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Sunday, October 21, 2012

Milwaukee Pie


Milwaukee Pie
Reds and oranges burst through the crisp Milwaukee night air. My first baseball game has ended—the Brewers beat the Phillies. The father and his son, realizing I was alone, high-fived me as we all smiled. “Did you have a nice first baseball game,” he yells over the roaring and cheering of the crowd. “YES!” I yell back.

The hustle and bustle of people and cars around Miller Park puts me in a daze. In a half an hour, Miller Park will be dead again, only to come alive tomorrow night for the final game against the Phillies. Main Entrance. I stand in front of the main entrance, where the driver of the Steppy’s shuttle bus told us to wait a few hours before when he dropped us off. I have forgotten my Packers sweatshirt; all that I am in is a homemade Brewers shirt (that read “Brewers; GO! GO! GO! FIGHT! Make the Phillies eat dirt) and ripped jeans. It had to be at least fifty degrees outside.

I see a group of men huddled a few feet away from me. “Are you waiting for the Steppy’s shuttle bus,” I ask them as I walk up to them. “Yeah,” their teeth chatter. I wait with them and try to start conversation. I am too shy, though, and stand there waiting. But, then alas, we see a white van with Steppy’s in bright red cursive lettering (that glows in the night sky) pulls up.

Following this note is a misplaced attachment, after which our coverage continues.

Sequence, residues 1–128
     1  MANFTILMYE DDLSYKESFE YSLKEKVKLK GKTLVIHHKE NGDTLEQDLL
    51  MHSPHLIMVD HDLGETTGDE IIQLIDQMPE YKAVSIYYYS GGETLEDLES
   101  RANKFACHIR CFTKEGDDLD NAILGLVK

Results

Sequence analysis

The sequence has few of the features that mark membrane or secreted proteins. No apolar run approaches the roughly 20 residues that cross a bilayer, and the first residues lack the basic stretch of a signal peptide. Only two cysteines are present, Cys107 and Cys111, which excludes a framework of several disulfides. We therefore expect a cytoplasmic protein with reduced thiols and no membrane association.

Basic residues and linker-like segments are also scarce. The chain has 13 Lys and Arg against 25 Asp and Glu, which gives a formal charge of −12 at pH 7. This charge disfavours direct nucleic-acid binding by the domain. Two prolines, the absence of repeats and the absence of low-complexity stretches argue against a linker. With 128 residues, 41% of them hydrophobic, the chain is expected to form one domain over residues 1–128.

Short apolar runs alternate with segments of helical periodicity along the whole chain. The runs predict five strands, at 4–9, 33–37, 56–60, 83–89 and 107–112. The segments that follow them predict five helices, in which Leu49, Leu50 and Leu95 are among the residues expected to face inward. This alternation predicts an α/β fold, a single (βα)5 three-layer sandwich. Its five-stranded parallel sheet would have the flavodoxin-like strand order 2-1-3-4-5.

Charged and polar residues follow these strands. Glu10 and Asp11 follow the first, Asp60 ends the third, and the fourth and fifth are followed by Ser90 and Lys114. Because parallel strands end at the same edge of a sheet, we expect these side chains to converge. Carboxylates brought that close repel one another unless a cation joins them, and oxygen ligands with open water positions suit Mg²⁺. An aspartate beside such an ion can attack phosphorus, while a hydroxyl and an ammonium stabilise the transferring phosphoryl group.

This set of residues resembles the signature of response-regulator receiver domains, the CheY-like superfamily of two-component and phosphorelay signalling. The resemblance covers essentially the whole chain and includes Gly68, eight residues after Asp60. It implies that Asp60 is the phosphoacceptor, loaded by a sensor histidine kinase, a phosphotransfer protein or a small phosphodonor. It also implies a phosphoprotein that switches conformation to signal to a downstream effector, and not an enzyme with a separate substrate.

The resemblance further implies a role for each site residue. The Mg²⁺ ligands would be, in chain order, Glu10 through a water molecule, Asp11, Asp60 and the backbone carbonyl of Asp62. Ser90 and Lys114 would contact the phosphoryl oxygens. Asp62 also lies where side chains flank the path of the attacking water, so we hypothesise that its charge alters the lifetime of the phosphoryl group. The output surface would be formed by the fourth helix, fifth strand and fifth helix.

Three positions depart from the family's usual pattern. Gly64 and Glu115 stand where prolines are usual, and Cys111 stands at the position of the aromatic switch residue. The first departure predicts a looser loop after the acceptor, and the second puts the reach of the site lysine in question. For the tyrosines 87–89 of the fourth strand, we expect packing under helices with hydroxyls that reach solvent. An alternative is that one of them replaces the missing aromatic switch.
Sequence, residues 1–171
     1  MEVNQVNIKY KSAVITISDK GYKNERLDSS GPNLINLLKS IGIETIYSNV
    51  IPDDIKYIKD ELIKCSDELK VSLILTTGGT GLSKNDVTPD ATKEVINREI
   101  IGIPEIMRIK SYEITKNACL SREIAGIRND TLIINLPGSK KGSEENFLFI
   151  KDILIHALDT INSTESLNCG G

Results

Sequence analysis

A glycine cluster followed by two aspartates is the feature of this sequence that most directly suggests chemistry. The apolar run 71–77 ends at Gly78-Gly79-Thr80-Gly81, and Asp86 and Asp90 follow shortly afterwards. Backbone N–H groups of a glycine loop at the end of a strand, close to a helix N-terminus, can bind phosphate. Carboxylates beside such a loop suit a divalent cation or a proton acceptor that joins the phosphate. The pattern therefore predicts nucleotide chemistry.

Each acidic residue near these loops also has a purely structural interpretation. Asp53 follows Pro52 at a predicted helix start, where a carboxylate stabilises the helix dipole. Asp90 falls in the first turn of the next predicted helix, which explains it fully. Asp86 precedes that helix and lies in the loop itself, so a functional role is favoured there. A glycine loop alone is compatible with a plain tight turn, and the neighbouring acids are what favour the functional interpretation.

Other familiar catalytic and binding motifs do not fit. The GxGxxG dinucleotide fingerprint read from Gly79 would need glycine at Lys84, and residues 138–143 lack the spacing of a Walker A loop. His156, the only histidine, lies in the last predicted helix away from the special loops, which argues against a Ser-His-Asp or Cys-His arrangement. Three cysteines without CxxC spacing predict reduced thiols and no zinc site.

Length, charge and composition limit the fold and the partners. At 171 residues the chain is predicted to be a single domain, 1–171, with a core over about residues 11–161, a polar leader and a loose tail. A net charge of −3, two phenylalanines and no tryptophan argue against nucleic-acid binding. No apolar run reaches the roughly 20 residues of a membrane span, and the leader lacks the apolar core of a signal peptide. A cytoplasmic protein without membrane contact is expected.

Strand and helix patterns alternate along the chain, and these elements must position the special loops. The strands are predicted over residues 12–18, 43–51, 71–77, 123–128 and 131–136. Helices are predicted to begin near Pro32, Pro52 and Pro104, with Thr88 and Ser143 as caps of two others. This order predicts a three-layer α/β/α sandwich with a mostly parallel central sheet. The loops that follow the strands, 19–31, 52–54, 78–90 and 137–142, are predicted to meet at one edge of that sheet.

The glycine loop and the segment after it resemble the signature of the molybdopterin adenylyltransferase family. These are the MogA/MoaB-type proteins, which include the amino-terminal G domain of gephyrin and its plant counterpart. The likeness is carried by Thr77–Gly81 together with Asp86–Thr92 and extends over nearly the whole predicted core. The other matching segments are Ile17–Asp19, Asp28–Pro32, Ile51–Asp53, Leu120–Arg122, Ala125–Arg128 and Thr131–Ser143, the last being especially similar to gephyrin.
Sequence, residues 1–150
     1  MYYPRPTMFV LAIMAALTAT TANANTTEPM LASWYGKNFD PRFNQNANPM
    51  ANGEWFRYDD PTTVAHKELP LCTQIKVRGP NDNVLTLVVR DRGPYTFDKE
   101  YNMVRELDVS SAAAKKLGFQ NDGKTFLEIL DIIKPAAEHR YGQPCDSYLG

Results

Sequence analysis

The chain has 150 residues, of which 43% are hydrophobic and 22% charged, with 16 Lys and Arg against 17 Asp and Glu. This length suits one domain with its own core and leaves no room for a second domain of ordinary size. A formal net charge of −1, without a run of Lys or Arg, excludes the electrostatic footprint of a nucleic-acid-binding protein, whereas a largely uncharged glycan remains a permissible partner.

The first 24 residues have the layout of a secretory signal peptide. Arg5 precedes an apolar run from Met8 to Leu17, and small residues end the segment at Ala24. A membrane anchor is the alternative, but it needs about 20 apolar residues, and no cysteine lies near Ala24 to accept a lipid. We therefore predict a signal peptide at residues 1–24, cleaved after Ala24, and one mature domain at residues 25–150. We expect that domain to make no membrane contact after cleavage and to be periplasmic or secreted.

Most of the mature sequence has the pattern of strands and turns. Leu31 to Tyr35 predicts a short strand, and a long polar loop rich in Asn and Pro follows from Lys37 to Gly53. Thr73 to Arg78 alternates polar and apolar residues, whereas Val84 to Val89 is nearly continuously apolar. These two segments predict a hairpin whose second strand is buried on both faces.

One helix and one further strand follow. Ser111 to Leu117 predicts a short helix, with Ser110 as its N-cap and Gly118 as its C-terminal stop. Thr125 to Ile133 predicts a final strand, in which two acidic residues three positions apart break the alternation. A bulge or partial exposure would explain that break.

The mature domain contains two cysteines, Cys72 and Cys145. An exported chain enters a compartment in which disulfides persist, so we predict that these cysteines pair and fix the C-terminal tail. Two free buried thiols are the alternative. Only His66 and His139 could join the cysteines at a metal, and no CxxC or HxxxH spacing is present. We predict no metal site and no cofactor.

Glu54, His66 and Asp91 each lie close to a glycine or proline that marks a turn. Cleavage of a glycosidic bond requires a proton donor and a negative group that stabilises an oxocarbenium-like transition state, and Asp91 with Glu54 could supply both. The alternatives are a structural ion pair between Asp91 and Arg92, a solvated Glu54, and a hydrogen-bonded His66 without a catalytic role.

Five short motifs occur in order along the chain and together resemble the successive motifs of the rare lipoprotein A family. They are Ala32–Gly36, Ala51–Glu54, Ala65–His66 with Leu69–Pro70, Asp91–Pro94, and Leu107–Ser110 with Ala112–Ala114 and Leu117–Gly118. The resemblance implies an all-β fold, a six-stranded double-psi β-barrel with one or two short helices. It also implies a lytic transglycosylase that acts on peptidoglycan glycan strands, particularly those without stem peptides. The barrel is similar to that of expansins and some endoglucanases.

“A long, long time ago”, the speakers crack as Don McLean’s voice trickles out; we are tiredly sitting on the comfortable tan leather cushions. A blonde hair girl smiles and starts blurting out, half drunk, “I can still remember how that music used to make me smile.”

The engine revs up and soon the lights of Milwaukee’s night life flashes around us. The half-drunk girl that reminds me of my friend’s sister continues singing now with her friends. They’re getting louder and louder.

“And I knew if I had my chance that I could make those people dance,” they’re almost screaming and it is infectious because more and more of the half-drunk people in the shuttle began to sing. You can tell this song is a popular favorite among people; the shuttle bus now turns into a karaoke bar.

The shuttle bus makes some turns and we hold onto the seats, but I am still mortified to sing. The blonde leans her head in, almost forgetting the words until Don McLean starts, “But February—“ and the girl screams out the rest of the line “made me shiver” and yells the next line too. This time, however, more and more people are starting to join in. The shuttle bus shakes with the voices; it takes me under and I can’t help to start and sing.

I sing as we make a left on one of the side streets. Signs flash and the bars are alive as well as the streets in front of the bars. Milwaukee is such a busy town, but I suppose any city is. As we all hold onto our seats because the ride is so bumpy, we all scream “BYE, BYE MISS AMERICAN PIE; DROVE MY CHEVY TO THE LEVY, BUT THE LEVY WAS DRY” with the blonde finishing and cheering with a fake beer bottle in hand; she smiles as she wails “This’ll be the day that I die.” We sing the chorus over and over; we’re happy that the Brewers won and just for the spirit of the night.
But, then the shuttle driver turned the station. I suppose he was tired of us badly singing such a classic. Yet, to his surprise we sing along with the lead of the blonde.
“Just a small town girl, living in a lonely world,” and the older folks riding with us start singing along. We are screaming along with Journey by the time the shuttle pulls into Steppy’s.

I step out and with both American Pie and Don’t Stop Believin’ in my head, I sing along with a whiskey seven and write it down for one of the best nights of my life.

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